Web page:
• The government should take possession of the land after owners and occupants have been paid at least partial compensation, accompanied by clearly defined compensation guarantees.

Compensation:

Compensation, whether in monetary terms or the replacement of land, is an essential requirement of compulsory acquisition. As a direct result of government action, people lose their homes, their land, and at times their means of livelihood. Compensation is to repay them for these losses, and should be based on principles of equity and equivalence. The principle of equivalence is crucial to determining compensation: affected owners and occupants should be neither enriched nor impoverished as a result of the compulsory acquisition. Financial compensation on the basis of equivalence of only the loss of land rarely achieves the aim of putting those affected in th same position as they were before the acquisition; the money paid cannot fully replace what is lost. In some countries, there is legal provision recognizing this in the form of additional compensation to reflect the compulsory nature of the acquisition. In practice, given that the aim of the acquisition is to support development, there are strong arguments for compensation to improve the position of those affected wherever possible.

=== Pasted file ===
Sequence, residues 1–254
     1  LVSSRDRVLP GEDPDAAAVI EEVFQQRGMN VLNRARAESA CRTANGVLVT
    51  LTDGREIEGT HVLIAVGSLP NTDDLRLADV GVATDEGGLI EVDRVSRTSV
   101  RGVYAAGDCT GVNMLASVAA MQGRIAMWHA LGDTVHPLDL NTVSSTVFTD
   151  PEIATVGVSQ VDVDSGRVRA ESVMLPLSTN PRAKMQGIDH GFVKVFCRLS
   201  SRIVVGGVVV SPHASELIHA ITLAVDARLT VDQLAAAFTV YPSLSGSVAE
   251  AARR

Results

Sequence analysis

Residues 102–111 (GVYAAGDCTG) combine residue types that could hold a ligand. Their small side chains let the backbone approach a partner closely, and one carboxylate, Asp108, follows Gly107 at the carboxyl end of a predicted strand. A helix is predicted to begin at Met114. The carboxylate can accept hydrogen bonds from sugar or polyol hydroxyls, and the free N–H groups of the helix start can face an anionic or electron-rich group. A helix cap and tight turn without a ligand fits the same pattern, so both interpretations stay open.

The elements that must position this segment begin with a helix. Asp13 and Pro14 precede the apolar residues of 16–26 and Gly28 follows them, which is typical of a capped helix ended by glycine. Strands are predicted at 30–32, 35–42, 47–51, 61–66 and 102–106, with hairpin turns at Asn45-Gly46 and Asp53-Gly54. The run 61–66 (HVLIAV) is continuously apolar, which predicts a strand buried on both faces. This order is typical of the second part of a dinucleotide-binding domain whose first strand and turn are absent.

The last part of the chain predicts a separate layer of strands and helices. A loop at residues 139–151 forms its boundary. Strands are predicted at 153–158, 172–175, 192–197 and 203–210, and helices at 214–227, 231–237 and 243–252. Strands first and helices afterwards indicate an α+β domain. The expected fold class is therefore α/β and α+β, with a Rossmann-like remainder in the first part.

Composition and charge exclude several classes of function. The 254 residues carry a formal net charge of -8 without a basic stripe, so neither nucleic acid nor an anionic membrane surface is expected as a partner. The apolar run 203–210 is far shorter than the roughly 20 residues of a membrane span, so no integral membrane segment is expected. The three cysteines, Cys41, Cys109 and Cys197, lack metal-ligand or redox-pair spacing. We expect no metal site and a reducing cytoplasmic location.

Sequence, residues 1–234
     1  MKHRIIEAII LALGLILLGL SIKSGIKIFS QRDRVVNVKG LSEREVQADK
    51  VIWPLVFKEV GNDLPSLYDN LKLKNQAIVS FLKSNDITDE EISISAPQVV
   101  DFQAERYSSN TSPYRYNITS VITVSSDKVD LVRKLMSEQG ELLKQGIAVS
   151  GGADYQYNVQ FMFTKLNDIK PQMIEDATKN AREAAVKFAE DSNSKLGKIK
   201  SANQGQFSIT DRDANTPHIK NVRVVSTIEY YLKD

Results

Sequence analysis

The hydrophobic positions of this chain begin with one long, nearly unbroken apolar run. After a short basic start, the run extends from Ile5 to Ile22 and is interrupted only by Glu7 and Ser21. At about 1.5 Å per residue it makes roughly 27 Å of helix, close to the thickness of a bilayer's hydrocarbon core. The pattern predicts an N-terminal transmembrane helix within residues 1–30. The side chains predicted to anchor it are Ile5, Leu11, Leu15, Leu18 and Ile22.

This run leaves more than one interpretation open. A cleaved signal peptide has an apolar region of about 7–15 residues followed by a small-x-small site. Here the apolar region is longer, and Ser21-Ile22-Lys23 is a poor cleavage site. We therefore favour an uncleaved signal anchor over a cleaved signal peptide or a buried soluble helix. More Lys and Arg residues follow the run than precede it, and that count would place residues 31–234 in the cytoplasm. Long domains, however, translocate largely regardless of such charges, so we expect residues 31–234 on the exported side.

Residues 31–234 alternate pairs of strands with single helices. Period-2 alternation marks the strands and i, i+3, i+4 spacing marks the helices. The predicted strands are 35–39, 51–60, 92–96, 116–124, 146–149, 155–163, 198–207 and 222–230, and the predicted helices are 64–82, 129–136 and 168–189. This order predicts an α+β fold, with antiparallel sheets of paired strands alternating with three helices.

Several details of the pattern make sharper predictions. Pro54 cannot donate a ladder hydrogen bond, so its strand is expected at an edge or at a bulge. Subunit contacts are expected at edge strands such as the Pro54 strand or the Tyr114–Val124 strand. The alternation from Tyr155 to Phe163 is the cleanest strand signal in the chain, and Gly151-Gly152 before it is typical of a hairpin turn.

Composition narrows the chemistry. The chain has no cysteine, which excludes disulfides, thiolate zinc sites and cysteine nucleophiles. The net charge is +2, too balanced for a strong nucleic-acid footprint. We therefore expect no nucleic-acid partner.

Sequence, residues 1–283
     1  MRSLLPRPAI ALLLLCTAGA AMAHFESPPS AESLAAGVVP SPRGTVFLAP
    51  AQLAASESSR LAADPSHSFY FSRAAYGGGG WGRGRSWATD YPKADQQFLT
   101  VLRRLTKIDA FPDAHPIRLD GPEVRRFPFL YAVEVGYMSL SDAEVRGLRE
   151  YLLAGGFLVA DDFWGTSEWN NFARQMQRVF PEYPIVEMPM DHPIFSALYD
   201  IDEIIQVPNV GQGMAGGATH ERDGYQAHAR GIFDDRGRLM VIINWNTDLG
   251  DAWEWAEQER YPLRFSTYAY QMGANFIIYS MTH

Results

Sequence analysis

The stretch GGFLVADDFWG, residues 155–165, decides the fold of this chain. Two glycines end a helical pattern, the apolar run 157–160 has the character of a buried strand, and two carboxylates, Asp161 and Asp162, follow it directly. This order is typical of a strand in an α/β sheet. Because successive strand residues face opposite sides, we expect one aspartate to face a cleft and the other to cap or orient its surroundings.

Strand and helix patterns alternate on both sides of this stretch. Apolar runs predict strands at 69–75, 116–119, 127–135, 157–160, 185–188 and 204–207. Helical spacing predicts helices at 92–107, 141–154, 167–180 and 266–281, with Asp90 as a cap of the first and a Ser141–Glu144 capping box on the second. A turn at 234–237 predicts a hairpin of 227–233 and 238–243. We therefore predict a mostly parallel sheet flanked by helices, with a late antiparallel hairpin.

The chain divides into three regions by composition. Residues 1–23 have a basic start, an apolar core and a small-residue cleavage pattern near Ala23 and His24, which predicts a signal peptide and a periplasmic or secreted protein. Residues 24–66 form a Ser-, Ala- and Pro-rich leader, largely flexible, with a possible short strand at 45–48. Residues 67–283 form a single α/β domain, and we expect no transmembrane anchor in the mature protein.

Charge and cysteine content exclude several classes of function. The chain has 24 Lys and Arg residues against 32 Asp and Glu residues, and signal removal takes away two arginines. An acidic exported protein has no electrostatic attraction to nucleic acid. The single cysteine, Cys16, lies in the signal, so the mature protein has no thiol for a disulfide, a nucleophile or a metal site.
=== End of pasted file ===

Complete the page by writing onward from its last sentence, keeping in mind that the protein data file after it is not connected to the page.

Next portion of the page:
The calculation of compensation is based on the value of the land rights and improvements to the land, and on any related costs. The determination of equivalent compensation can be difficult, particularly when land markets are weak or do not exist, when land is held communally, or when people have only rights to use the land. Many factors can lead to inadequate compensation. Legislation should ensure fair processes for determining valuation and compensation. While the public interest in keeping costs as low as possible is important, this concern should not deprive people of the equivalent compensation they need in order re-establish their lives after the loss of their land.

Procedure For Valuation And Compensation

During the valuation phase, the acquiring agency and the people whose land is being acquired gather information and evidence to support their arguments for the compensation values they believe to be equitable. This work is triggered by the notice of intention to compulsorily acquire land. The notice of intention should set a deadline by which each affected owner or occupant submits a claim for compensation.

Responsibility for the valuation of land varies from one country to another. In some countries the work is done by or for the acquiring agency while in other countries the valuations are the responsibility of independent commissions. The notice of intention should set a deadline by which each affected owner or occupant submits a claim for compensation. At some point after notice has been given, the project’s valuers must enter the land to inspect it and all improvements in order to determine their value. Owners and occupants should hire their own valuators, or find other ways to determine the value of their land.

Conclusion:

In the end the author would like to state that, my hypothesis is partially correct and partially incorrect, as: